A n ancient legend tells how once the devil decided to destroy the world and called in all of his chief assistants for counsel. First came Anger who said, “Let me be in charge of the project. I will set brother against brother. In anger the people of earth will destroy themselves.”

Next came Lust to offer a plan. “I will defile the minds of mankind. Love will disappear from the earth. People will become like beasts.” Then Greed made his suggestion, “Entrust the campaign to me. I will instill in human hearts the most destructive and damning of all passions. Unbridled desire will wipe out God’s crowning creation.”

The twins Gluttony and Drunkenness presented their strategy. “Give the task to us. We will disease men’s bodies and warp and degrade their minds.” And so it went. In turn, Envy, Jealousy and Hate made proposals for the annihilation of the world. Idleness felt sure he could do the job better than all the others combined. But somehow the devil still wasn’t satisfied.

Finally, the last assistant stood before him. “I have given the matter my utmost thought. I shall talk with the people of the earth and remind them they are children of God. I shall urge them to act as such, to be upright, honest, clean and brave.”

The devil was aghast. “What in the world are you thinking?” he cried. The last assistant calmly continued, “I shall hold up high ideals and great spiritual goals. However, I will make it clear that there is no hurry. Today is for dreaming and for making plans. What is to be done can be done tomorrow.” There was no doubt; this plan was the best. “You are commissioned, the devil said. “Go and destroy the world.”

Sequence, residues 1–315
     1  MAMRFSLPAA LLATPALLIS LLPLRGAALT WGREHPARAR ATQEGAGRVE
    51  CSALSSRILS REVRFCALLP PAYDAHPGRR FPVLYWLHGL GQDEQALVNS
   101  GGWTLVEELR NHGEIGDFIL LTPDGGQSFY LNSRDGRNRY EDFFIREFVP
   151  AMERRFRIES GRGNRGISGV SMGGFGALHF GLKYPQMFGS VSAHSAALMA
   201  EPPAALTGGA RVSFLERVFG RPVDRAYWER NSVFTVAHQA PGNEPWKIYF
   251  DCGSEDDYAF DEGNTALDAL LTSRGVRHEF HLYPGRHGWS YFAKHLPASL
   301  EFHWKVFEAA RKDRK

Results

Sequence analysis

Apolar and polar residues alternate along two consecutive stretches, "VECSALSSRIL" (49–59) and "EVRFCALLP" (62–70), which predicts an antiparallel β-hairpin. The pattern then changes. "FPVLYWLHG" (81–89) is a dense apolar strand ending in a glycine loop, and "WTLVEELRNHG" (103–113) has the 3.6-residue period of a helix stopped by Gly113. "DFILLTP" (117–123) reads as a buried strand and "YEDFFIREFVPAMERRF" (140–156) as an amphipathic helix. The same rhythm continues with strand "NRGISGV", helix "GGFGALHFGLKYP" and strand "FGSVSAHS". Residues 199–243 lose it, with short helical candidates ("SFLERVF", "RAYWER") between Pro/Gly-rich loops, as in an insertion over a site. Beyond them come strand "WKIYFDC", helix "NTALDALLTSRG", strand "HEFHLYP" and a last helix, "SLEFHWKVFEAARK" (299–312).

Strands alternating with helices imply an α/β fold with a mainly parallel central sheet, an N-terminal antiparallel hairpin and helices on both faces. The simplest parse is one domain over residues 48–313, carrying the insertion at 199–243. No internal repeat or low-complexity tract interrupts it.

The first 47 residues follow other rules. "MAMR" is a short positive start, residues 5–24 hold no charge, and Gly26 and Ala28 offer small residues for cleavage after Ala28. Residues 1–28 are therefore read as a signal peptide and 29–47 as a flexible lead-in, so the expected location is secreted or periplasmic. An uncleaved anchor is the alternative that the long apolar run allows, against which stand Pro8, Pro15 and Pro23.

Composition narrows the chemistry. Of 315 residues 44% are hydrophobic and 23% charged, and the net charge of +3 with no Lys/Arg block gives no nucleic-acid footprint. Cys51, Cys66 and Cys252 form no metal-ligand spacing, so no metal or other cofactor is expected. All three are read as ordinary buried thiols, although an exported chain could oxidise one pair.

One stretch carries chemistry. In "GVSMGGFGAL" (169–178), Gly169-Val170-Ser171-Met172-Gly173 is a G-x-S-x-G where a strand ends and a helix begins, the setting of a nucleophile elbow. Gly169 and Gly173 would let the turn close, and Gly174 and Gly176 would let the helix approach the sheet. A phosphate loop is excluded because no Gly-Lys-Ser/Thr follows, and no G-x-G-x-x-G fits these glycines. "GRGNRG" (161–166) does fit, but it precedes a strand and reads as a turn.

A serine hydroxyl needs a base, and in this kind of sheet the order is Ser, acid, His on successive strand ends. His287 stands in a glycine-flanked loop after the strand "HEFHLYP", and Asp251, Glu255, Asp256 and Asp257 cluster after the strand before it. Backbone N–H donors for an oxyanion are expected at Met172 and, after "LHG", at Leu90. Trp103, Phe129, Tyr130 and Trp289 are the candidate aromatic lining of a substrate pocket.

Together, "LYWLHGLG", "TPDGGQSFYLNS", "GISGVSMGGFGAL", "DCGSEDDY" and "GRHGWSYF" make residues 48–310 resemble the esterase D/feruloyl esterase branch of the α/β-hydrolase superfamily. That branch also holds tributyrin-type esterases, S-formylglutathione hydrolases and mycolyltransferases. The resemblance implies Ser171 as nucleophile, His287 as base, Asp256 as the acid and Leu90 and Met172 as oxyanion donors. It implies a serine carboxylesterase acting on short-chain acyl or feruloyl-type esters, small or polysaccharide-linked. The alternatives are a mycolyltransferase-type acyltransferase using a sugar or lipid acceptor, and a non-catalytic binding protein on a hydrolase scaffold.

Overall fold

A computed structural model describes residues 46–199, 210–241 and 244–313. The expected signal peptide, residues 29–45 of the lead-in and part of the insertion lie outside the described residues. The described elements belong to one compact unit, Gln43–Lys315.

And so it was that Procrastination was sent.

An unknown poet has written:

He was going to be all a mortal could be, tomorrow.

No one would be braver or kinder than he, tomorrow;

A friend who was worried and troubled he knew,

He could give a lift and he needed it, too,

On him he would call and see what he could do, tomorrow.

Each morning he staked the letters he’d write, tomorrow,

And thought of the folk he would fill with delight, tomorrow.

Too bad that he was busy today,

And hadn’t the time to stop on the way.

“More time I will have to give others,” he’d say, “tomorrow.”

The greatest of workers this man would have been, tomorrow.

The world would have known him if he’d ever seen tomorrow.

But, in fact, he passed on and vanished from view,

And all that he left here when living was through,

Was a mountain of things he intended to do, tomorrow. Rev. Nichols is Minister Emeritus of First Christian Church, Temple, where he was senior minister for 23 years before retiring. He writes a religious column for several newspapers.

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2013-02-14 digital edition

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